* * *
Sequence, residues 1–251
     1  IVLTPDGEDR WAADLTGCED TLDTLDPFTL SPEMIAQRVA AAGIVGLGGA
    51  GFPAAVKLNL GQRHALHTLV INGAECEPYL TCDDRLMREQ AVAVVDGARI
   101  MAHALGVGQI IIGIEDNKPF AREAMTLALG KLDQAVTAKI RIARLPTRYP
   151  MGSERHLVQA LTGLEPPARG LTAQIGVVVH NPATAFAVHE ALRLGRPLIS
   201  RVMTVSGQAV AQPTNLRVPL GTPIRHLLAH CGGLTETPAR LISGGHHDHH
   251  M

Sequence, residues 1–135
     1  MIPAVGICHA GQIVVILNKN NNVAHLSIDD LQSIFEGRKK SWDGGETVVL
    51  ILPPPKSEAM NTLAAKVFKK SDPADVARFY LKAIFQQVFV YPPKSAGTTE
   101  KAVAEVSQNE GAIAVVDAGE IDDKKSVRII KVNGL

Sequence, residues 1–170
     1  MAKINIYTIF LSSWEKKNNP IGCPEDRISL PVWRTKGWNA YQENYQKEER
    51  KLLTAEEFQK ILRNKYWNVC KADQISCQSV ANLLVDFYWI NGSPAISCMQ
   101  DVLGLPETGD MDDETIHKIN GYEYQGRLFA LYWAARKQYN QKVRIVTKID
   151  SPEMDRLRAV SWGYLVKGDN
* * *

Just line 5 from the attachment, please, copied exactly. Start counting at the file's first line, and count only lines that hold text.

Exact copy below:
   151  MGSERHLVQA LTGLEPPARG LTAQIGVVVH NPATAFAVHE ALRLGRPLIS